stable, predictable, happy homelife

Really? Read back what you've said about your DDs' behaviour.

Lweji Sun 03-Nov-13 06:06:45

This person, because of the drugs, alcohol and his view of himself, is highly toxic for the children.

Your description reminds me of my exH, bar the drugs, although he was on antidepressants and was using increasing quantities of one of them that was addictive. This mixed with alcohol, in secret. I only knew because the bottles got empty very quickly.

He reportedly had social anxiety, but this is like yours. It's all about people looking at him and criticising him, because he's obviously the most important person and everyone will be noticing him.

I had my moment of clarity about who he was when we got a kitten for DS and he started basically torturing the poor animal. He would grab him and block his airways. Twice, the animal had to pee on him for him to let go. I was incensed and I told him that he was basically a bad person at heart and someone I didn't like. To the point that he asked me if I'd divorce him if he continued doing it and I said yes. It was actually just over a year until I left after he became violent, because he was losing his psychological grip on me. Like you I thought it was important to give DS a stable home. I had believed he was mostly ill and that we have to support each other and work at the marriage.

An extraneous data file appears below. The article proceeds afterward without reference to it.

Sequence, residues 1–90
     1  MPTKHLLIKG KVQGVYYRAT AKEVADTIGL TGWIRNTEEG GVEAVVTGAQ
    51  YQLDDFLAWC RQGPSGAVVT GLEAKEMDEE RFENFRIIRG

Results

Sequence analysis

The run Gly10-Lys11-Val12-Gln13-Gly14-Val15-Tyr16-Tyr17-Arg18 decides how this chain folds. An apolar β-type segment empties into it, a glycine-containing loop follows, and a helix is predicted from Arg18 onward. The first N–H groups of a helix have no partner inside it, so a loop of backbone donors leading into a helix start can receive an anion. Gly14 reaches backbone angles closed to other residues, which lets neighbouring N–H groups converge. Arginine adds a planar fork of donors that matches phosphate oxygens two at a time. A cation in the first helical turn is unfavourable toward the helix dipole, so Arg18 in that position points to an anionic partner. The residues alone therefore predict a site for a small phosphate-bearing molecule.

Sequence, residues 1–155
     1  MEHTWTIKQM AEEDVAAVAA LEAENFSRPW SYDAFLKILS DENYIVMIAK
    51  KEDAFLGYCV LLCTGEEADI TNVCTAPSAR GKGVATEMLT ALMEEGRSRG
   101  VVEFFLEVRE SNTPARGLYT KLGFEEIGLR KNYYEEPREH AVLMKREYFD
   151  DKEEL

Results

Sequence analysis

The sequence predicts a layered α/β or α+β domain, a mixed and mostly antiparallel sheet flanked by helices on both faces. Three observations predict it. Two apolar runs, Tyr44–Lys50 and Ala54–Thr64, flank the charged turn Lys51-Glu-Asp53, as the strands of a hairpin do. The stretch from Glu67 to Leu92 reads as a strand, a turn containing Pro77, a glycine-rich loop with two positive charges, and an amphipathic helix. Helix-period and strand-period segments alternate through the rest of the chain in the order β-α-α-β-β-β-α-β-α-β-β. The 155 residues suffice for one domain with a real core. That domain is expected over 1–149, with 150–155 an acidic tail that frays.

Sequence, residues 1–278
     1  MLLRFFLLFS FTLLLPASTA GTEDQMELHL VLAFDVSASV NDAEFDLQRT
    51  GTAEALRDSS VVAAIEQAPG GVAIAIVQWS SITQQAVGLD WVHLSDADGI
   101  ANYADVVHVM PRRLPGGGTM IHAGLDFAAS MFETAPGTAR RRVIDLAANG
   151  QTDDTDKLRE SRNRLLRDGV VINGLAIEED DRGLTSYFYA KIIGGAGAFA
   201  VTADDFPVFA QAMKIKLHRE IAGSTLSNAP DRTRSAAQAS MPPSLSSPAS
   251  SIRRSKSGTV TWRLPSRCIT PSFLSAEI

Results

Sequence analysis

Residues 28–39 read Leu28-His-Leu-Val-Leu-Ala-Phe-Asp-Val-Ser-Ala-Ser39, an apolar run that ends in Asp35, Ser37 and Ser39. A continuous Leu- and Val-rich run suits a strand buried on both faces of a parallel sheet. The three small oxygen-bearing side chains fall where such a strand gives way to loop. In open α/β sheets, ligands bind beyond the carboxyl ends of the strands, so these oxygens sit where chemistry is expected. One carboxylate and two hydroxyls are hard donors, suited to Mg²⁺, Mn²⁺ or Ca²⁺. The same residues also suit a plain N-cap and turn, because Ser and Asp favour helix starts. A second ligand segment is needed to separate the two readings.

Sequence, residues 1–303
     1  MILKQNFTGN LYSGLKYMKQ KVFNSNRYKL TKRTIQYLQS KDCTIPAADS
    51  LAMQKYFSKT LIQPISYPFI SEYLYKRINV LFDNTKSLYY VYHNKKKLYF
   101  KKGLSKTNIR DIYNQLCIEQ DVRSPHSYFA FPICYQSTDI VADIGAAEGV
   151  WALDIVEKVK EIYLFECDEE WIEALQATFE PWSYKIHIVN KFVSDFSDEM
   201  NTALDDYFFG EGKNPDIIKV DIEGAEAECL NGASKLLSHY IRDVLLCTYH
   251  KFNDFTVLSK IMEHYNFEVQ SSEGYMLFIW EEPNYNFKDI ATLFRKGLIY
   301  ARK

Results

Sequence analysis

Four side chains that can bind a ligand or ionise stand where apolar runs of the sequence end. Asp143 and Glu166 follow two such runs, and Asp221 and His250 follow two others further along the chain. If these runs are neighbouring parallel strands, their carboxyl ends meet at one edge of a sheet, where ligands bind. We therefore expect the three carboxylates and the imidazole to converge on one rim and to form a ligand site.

So, it's good that you realise what type of person he is deep down. You need to build on that to be able to let go of him and protect your children.

Do be careful, though, he has all the potential to be violent. Has he ever threatened you or has been violent at all?
Because if you do leave or get rid of him, I do recommend that you do it without him knowing or with people around.

Lweji Sun 03-Nov-13 06:14:04

He was a sahd because he wouldn't work due to his "anxiety", but I was the one running around getting DS ready for school and doing things with him at the weekend.